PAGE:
Bangkok, Thailand

Bangkok is a little dirty, a lot busy, and overwhelming if you’re not used to BIG Asian cities. Everyone has their favorite neighborhoods to stay in, but I just recommend staying on a metro or sky train line to make it easy to get around.

Holy Sheet Hostel. Located on the Sukhumvit BTS line, in a slightly more residential area than elsewhere in Bangkok. I stayed here twice, once in a mixed dorm and once in a 4 bed female dorm. The 4 bed female dorm has HUGE beds, so if you want to spread out I recommend that one. Free breakfast, including a soft boiled egg cooker which I made good use of. The actual facilities are getting a little run down (stains/leaks in the bathrooms, sewage smell sometimes, etc.) but the rooms are very clean. Friendly staff who all speak English (and who are mostly expats) and who host the occasional group event.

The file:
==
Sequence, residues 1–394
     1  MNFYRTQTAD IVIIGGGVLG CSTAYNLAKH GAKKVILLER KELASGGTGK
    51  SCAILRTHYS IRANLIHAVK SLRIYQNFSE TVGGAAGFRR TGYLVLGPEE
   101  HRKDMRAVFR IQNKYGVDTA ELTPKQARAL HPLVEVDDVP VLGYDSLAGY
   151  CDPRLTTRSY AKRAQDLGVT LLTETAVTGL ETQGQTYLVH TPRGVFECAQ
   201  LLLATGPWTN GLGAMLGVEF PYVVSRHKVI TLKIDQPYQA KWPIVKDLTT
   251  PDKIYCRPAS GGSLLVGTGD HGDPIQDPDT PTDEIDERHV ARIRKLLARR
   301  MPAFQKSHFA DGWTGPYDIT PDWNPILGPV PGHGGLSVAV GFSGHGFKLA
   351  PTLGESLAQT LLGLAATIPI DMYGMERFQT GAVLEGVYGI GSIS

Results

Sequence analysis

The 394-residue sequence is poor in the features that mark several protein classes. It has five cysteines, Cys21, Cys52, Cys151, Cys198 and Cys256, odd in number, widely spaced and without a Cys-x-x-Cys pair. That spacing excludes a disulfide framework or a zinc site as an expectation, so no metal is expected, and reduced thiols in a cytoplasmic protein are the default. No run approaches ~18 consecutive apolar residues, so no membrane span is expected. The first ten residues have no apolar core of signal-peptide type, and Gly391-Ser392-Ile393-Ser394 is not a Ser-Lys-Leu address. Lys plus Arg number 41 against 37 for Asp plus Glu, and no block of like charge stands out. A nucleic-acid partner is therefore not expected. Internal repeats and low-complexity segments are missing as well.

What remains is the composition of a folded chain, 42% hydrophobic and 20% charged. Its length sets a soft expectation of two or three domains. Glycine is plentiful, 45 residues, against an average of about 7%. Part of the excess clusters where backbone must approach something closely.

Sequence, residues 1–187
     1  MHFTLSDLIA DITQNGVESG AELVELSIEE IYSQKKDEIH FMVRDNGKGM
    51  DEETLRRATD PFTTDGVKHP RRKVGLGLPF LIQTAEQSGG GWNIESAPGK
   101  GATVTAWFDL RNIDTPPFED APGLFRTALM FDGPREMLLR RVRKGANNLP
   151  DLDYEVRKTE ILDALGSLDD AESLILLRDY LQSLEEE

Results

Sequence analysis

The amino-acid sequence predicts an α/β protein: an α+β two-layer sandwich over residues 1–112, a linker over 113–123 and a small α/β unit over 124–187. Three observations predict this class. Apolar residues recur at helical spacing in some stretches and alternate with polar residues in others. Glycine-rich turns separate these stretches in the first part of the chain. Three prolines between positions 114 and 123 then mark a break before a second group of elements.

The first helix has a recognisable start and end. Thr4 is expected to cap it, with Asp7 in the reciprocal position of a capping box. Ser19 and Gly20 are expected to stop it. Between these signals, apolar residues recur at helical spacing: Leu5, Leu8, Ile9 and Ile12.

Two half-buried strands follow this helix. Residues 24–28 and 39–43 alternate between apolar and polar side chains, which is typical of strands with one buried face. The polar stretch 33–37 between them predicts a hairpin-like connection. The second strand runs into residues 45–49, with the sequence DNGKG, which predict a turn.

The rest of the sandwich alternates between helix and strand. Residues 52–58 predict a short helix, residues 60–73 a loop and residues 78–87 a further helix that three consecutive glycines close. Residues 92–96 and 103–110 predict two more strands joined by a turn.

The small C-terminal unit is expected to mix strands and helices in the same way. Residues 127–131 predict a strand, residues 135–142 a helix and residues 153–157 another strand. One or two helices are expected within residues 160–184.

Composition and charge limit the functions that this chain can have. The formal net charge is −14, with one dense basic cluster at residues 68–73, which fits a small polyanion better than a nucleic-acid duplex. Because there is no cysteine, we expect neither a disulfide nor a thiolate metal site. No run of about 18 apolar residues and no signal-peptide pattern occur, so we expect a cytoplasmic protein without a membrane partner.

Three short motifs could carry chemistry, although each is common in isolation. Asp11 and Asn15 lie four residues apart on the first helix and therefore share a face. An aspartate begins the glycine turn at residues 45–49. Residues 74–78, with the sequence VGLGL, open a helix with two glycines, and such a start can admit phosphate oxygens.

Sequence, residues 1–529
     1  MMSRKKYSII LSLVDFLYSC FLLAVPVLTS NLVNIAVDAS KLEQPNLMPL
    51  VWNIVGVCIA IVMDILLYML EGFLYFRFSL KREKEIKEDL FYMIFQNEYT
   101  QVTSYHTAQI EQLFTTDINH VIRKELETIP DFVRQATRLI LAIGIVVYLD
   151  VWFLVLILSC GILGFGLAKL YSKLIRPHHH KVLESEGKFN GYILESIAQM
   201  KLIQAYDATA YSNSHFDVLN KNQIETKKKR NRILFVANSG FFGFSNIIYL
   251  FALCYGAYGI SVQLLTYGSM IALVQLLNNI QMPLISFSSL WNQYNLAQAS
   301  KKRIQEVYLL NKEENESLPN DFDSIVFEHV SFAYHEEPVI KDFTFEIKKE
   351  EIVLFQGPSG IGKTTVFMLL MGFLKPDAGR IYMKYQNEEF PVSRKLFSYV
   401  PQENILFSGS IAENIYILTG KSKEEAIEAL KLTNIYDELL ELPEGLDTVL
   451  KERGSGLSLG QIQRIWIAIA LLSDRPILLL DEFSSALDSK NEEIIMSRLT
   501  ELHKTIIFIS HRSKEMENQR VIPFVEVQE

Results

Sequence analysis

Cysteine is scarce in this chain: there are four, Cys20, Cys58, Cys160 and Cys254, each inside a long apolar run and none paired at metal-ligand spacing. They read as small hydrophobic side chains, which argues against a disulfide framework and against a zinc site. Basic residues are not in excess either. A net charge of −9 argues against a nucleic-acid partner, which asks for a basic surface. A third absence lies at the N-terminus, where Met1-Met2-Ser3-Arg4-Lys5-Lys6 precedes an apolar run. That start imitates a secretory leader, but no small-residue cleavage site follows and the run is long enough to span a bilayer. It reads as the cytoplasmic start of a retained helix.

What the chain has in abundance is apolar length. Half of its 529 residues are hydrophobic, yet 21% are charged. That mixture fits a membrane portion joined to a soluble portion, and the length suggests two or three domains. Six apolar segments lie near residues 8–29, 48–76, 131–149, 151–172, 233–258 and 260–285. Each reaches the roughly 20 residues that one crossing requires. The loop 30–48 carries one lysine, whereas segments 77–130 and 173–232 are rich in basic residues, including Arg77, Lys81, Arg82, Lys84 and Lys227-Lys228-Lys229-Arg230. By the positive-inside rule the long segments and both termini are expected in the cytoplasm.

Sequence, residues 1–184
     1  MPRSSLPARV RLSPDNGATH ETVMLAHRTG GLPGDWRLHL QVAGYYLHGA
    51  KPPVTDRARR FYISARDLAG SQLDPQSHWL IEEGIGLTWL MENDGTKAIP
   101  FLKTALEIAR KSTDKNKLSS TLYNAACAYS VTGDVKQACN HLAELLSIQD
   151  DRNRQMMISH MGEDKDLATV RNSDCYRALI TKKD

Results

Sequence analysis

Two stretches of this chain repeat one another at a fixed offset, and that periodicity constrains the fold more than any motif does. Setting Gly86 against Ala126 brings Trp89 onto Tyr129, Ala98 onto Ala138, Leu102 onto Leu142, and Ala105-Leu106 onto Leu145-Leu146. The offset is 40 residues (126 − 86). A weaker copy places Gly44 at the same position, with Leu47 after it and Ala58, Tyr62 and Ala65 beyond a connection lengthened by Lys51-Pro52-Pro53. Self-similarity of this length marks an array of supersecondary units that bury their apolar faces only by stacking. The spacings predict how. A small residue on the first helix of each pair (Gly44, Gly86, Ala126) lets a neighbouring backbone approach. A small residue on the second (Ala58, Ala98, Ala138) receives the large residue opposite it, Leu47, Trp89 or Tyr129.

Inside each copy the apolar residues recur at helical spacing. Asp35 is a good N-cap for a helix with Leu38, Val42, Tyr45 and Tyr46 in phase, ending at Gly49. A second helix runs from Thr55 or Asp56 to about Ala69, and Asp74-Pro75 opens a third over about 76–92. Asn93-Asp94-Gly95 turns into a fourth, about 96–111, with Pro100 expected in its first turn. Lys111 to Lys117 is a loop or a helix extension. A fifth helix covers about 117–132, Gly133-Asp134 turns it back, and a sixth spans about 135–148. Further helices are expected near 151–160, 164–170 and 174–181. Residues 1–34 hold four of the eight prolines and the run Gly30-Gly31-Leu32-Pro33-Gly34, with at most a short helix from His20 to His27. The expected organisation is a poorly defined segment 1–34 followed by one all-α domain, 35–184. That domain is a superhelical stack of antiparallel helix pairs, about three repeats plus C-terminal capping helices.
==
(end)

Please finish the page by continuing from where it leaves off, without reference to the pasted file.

Chiang Mai, Thailand

I really enjoyed my visit to Chiang Mai, so much so that I extended my stay a few times. I stayed within (or near) the old part of town, which is where the city walls are, mostly because I wanted to be in walking distance to lots of food choices.

Baan Lung Poshtel. A nice new hostel located in the northern part of the old city. I stayed in the four bed female dorm (though it’s listed as 8 bed on Hostelworld?) which came with air conditioning, plus plugs and personal lights in the bed. Very clean bathrooms (with separate shower/toilet stalls)! No breakfast provided at the moment, but there’s a communal kitchen which guests can use. There are no lockers and luggage storage is just leaving your bag in the kitchen area, so if that’s a concern then maybe stay elsewhere. The owner is very friendly and speaks good English, and can provide information about the different night markets and local events going on.

Here’s a short video tour of the dorm room: